Big Data and Society 4 (2) (2017)

Authors
Reuben Binns
University of Southampton
Abstract
Decisions based on algorithmic, machine learning models can be unfair, reproducing biases in historical data used to train them. While computational techniques are emerging to address aspects of these concerns through communities such as discrimination-aware data mining and fairness, accountability and transparency machine learning, their practical implementation faces real-world challenges. For legal, institutional or commercial reasons, organisations might not hold the data on sensitive attributes such as gender, ethnicity, sexuality or disability needed to diagnose and mitigate emergent indirect discrimination-by-proxy, such as redlining. Such organisations might also lack the knowledge and capacity to identify and manage fairness issues that are emergent properties of complex sociotechnical systems. This paper presents and discusses three potential approaches to deal with such knowledge and information deficits in the context of fairer machine learning. Trusted third parties could selectively store data necessary for performing discrimination discovery and incorporating fairness constraints into model-building in a privacy-preserving manner. Collaborative online platforms would allow diverse organisations to record, share and access contextual and experiential knowledge to promote fairness in machine learning systems. Finally, unsupervised learning and pedagogically interpretable algorithms might allow fairness hypotheses to be built for further selective testing and exploration. Real-world fairness challenges in machine learning are not abstract, constrained optimisation problems, but are institutionally and contextually grounded. Computational fairness tools are useful, but must be researched and developed in and with the messy contexts that will shape their deployment, rather than just for imagined situations. Not doing so risks real, near-term algorithmic harm.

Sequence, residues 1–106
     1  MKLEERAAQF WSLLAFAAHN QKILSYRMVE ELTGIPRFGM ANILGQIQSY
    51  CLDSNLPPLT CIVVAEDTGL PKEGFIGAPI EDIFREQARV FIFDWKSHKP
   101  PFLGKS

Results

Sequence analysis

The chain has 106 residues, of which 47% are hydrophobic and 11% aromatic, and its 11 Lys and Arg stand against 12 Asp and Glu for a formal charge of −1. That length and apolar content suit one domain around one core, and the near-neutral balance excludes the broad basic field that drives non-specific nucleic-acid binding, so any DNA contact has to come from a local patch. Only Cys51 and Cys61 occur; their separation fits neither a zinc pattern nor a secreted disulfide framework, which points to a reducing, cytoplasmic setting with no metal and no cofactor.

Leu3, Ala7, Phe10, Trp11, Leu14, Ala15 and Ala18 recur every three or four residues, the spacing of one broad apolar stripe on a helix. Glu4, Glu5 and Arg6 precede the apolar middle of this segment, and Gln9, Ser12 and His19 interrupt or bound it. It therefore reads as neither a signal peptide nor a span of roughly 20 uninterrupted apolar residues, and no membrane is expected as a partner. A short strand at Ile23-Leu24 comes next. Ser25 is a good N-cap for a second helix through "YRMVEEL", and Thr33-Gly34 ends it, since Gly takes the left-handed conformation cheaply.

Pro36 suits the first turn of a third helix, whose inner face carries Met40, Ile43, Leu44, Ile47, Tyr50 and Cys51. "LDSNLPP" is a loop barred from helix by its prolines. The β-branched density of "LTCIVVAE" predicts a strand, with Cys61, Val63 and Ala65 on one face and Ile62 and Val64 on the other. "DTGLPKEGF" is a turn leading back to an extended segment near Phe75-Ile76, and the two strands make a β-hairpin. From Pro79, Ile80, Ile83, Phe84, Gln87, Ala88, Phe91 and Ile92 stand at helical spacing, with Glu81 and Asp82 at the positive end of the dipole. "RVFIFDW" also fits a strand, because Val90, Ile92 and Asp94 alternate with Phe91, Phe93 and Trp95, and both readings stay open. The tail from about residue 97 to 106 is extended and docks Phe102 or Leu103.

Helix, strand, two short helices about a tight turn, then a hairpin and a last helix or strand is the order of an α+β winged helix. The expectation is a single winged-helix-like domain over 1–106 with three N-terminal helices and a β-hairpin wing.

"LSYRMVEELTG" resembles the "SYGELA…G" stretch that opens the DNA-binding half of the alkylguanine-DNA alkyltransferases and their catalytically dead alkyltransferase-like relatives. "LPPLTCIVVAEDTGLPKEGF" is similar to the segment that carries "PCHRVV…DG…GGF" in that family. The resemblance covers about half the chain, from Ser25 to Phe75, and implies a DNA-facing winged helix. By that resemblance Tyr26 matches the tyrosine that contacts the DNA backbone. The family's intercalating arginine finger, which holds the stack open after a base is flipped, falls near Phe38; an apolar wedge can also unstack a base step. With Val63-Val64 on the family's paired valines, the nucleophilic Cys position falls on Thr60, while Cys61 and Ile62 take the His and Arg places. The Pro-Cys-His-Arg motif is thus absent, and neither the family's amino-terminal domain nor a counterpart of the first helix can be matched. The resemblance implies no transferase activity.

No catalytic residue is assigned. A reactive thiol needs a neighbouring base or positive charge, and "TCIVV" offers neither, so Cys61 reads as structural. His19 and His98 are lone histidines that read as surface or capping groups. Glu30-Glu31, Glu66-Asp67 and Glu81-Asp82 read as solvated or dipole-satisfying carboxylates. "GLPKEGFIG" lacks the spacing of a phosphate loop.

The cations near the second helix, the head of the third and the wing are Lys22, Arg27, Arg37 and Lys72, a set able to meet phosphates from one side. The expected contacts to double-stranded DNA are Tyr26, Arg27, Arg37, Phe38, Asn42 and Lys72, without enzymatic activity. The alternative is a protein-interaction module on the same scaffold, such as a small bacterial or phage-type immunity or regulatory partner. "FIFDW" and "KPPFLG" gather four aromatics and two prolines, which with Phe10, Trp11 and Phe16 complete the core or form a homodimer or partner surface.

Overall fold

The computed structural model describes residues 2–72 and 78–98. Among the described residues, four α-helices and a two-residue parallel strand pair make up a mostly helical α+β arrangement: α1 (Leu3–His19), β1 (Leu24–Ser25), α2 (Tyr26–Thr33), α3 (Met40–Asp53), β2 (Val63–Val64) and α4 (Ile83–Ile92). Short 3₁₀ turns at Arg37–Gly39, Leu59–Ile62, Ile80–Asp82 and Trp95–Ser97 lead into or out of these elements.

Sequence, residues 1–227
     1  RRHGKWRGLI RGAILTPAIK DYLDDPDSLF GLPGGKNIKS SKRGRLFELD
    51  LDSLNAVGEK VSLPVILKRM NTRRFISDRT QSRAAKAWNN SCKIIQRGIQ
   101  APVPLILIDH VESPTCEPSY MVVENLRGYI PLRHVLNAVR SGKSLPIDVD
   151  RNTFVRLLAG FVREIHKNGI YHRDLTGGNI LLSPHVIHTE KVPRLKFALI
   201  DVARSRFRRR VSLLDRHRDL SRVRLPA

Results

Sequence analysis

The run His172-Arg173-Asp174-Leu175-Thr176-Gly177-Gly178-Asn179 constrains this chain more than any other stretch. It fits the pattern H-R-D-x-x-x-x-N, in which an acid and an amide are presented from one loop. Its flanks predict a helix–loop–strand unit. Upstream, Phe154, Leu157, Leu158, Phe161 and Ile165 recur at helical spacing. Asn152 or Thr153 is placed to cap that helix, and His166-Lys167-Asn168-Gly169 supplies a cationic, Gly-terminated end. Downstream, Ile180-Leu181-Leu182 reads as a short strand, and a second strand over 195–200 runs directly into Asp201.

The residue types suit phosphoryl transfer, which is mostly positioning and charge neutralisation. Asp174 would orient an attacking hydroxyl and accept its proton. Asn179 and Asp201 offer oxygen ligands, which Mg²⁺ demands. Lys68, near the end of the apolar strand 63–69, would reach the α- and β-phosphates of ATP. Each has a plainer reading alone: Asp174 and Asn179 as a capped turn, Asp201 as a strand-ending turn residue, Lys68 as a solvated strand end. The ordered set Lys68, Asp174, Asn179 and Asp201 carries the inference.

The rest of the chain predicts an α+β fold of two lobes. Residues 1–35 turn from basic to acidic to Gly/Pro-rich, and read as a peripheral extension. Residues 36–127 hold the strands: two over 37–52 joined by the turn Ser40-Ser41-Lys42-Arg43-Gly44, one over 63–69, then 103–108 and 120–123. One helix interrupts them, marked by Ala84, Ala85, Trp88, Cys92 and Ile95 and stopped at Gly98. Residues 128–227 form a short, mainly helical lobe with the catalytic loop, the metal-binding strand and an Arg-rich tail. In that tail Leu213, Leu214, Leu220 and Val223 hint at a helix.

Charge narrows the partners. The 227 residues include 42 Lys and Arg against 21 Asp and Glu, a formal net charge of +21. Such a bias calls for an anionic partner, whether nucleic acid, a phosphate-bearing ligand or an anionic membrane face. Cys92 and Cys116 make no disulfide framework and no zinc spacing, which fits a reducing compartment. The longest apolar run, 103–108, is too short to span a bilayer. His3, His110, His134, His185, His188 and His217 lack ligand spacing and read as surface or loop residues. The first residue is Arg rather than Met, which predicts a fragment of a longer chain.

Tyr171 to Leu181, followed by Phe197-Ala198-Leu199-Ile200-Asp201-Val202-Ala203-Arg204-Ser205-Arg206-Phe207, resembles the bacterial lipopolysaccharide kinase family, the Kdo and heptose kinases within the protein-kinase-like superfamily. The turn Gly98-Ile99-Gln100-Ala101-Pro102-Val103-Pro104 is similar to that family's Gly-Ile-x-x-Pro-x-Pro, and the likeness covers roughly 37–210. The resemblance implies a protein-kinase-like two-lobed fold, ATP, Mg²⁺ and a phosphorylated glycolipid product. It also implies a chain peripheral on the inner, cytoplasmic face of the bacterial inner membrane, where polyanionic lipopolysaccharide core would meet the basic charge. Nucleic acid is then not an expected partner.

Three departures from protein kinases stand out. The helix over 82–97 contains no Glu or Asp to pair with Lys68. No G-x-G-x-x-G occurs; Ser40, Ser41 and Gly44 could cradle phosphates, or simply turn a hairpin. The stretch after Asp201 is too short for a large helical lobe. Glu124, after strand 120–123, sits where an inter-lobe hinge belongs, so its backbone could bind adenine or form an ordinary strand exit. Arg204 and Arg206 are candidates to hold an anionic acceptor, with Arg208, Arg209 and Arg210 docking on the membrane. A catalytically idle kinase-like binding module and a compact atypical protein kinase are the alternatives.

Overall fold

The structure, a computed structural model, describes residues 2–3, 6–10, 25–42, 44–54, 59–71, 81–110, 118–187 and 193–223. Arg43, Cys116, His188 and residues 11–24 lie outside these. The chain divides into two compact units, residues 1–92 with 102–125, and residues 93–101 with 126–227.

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DOI 10.1177/2053951717743530
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References found in this work BETA

The Threat of Algocracy: Reality, Resistance and Accommodation.John Danaher - 2016 - Philosophy and Technology 29 (3):245-268.
Accountability in a Computerized Society.Helen Nissenbaum - 1996 - Science and Engineering Ethics 2 (1):25-42.
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Citations of this work BETA

Ethics of Artificial Intelligence and Robotics.Vincent C. Müller - 2020 - In Edward Zalta (ed.), Stanford Encyclopedia of Philosophy. Palo Alto, Cal.: CSLI, Stanford University. pp. 1-70.
Democratizing Algorithmic Fairness.Pak-Hang Wong - 2020 - Philosophy and Technology 33 (2):225-244.
From Privacy to Anti-Discrimination in Times of Machine Learning.Thilo Hagendorff - 2019 - Ethics and Information Technology 21 (4):331-343.

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